Monday, May 30, 2011

Bankei on Zazen

"That's why, in my place, I'm always telling everyone, 'Abide in the unborn Buddha mind and nothing else!' Other than that, I'm not setting up any special rules and making them practice. All the same, since everyone got together and decided to practice for 12 sticks of incense every day, I told them, "Go ahead, do whatever you like'; so I'm letting them practice every day for a period of 12 sticks of incense. But the Unborn Buddha Mind isn't a matter of 12 sticks of incense! When you abide in the Buddha Mind and don't become deluded, then, without looking for enlightenment outside, you'll just sit in the Buddha Mind, just stand in the Buddha Mind, just sleep in the Buddha Mind, just get up in the Buddha Mind, so that in all of your ordinary activities you function as a living Buddha. There's really nothing to it.

"As for zazen, since 'za' (sitting) is the Buddha Mind's sitting at ease, while 'zen' is another name for Buddha Mind, the Buddha Mind's sitting at ease is what's meant by zazen. So when you're abiding in the Unborn, all the time is zazen; zazen isn't just the time when you're practicing formal meditation. Even when you're sitting in meditation, if there's something you've got to do, it's quite all right to get up and leave. So in my group, everyone is free to do as he likes. Just always abide at ease in the Buddha Mind. You can't simlply remain sitting from morning til night, so walking meditation for one period; and you can't just keep on your feet, either, so sit down and meditate for one period. You can't very well do nothing but sleep, so you get up; and you can't just keep on talking, so I let you practice meditation. But this has nothing to do with rules."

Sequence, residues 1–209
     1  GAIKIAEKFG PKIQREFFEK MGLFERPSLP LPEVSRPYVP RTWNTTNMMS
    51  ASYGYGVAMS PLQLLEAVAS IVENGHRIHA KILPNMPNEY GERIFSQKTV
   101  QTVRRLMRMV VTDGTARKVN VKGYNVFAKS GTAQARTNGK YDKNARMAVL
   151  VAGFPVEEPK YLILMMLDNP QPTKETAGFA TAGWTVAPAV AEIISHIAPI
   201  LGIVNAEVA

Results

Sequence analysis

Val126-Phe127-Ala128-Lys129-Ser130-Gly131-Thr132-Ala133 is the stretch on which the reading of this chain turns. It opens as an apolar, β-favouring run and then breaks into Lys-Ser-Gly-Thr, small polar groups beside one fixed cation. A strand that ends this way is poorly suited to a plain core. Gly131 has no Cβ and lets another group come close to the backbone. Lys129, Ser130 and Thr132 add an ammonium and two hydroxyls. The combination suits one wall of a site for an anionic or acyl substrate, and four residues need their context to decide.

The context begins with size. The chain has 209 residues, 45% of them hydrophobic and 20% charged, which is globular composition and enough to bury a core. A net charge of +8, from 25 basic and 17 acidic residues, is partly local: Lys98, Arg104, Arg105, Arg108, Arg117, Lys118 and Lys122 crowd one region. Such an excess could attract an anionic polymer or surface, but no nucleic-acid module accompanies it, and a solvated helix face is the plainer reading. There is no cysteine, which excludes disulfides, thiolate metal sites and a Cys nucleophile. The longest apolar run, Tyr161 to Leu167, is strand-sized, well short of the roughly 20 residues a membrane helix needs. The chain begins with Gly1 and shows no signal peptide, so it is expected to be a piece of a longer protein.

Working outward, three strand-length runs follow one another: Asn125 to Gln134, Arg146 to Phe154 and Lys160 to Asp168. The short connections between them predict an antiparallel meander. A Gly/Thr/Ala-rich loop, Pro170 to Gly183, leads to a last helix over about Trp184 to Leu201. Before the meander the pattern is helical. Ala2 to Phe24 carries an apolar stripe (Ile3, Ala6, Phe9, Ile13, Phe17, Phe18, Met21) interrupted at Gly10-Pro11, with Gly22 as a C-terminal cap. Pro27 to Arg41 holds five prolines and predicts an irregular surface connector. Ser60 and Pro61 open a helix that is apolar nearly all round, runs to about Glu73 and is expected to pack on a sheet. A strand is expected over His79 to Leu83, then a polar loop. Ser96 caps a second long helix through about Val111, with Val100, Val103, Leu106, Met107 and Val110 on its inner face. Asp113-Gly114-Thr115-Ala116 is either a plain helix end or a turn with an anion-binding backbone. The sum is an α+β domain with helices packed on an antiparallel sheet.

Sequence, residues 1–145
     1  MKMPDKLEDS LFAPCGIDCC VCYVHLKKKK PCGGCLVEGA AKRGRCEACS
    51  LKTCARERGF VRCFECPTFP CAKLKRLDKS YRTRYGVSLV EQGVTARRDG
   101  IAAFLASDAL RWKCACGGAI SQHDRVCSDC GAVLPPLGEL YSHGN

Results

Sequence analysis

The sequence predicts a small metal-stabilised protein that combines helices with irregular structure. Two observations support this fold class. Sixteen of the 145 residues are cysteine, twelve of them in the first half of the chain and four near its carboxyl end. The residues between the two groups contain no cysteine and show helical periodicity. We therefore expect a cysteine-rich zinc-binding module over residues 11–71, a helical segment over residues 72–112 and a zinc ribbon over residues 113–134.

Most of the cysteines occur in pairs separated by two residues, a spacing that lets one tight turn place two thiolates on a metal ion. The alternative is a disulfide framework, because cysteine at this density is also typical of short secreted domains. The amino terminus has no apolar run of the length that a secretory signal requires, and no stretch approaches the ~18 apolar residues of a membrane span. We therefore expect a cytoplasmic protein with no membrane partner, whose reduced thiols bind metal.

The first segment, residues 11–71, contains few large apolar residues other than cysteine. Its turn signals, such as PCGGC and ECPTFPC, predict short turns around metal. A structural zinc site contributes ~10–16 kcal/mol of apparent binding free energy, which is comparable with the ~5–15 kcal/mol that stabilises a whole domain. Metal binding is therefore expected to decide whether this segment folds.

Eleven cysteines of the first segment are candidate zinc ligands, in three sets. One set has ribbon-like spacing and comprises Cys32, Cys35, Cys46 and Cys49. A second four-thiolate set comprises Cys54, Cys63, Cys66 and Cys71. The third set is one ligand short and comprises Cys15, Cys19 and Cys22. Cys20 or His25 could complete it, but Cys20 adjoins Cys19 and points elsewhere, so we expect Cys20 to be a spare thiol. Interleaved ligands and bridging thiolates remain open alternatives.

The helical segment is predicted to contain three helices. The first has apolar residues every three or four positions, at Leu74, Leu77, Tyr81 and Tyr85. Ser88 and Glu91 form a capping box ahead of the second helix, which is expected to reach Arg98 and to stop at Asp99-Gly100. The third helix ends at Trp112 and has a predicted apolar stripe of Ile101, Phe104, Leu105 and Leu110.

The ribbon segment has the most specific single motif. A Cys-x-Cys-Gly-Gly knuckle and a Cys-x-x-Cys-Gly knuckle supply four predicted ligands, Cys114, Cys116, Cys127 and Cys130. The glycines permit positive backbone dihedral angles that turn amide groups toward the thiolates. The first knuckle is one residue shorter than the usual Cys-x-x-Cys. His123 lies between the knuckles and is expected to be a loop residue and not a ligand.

-Bankei Kotaku (from Bankei Zen, p.58-9; tr. Peter Haskell.) 

Note: Bankei's practice instructions were simple: recognize the "marvelously illuminating" Unborn Buddha Mind, your own present awareness, which is always functioning, and abide in it. He would often direct people to notice how the mind continuously and spontaneously illuminates and presents objects without any personal effort, and tell people just to abide in that, without trading their "Buddha Mind" for thoughts and becoming a "hell-dweller, hungry ghost, animal or other deluded being". Do just that, said Bankei, and you abide as the living Buddha you already are.  

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